Term life insurance requires you to make a bet. You choose a term (20 years, for example) and pay your premiums. If you die during the term, your beneficiaries get the payout. If not, the policy expires.
Permanent life insurance (also known as whole life insurance), on the other hand, provides a sense of security as it is good for your entire life, as long as you pay your premiums. It is more expensive than term life insurance, but it has a savings feature called a cash value account that increases over time and that you can withdraw from. When you die, your beneficiaries get the payout plus whatever savings your policy has accrued.
There are many variations on the permanent life insurance model. Choosing the one that best fits your needs can be tricky.
Traditional whole life
If you choose a traditional whole life insurance policy, your premium will remain the same throughout your life. The death benefit remains the same, but the account’s savings increase throughout your lifetime.
In your early years, premiums for a traditional whole life policy are significantly higher than what you would pay for a term life policy. However, they are less than what you would eventually pay if you were to continue renewing a term life insurance policy in your later years, according to the National Association of Insurance Commissioners (NAIC).
Universal life insurance is more flexible than traditional whole life. Your premium payments go into an account that earns a money-market rate of interest, according to the Insurance Information Institute. As that money grows and you get older, you can use it to pay part of your premium.
This type of life insurance requires a greater level of personal responsibility than traditional whole life does. Your insurance provider will deduct maintenance charges from your account, and you also need to pay premiums. So, if the premiums you pay in that year plus the interest earned in the account are less than the charges, the value of the account drops, according to the NAIC. If the money in the account runs out, your coverage could end. To keep the account active, you would then have to step up your premiums or lower your death benefits.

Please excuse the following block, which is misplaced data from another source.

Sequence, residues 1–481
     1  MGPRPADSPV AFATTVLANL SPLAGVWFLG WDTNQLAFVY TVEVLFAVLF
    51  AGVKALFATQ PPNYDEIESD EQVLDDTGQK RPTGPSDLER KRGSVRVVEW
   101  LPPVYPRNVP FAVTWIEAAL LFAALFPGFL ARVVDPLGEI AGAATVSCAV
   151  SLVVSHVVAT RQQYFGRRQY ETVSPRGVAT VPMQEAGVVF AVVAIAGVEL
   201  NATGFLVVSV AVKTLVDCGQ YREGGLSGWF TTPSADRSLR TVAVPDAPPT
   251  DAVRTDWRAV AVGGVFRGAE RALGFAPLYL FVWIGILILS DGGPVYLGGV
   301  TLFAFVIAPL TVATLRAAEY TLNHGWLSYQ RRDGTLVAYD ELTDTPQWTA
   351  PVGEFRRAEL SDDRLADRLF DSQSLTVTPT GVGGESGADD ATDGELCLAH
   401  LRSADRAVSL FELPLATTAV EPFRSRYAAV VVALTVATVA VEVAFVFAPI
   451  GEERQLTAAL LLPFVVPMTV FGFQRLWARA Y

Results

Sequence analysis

Like other types of permanent life insurance, variable life offers a death benefit and an investment opportunity. Your premiums are invested in stocks, bonds and money market mutual funds, which can augment the policy’s value or deplete it altogether, depending on how your investments perform, according to the Insurance Information Institute.
If your investments do well, your savings and death benefit will increase. If they don’t, the opposite happens. If you’re worried about losing your death benefit, ask for a guaranteed death benefit. You will pay more in premiums for this option, but it can provide peace of mind in the knowledge that your beneficiaries will be taken care of when you’re gone.
Universal variable life
Universal variable life insurance combines the flexibility of universal coverage with the investment options of variable coverage. You can adjust your premium payments and death benefit while making investments along the way. However, with universal variable life insurance, you assume the risks, Nationwide warns. And you must take into account the fees and expenses associated with this type of policy.
Making your pick
As long as your premium payments are in check, a permanent policy can provide lifetime coverage, so you don’t need to worry about proving your insurability down the road. Those who lean on the safer side might pick traditional whole life policy. But if a little risk doesn’t put you in a panic, buying permanent life insurance with more flexible investment options just might pay off.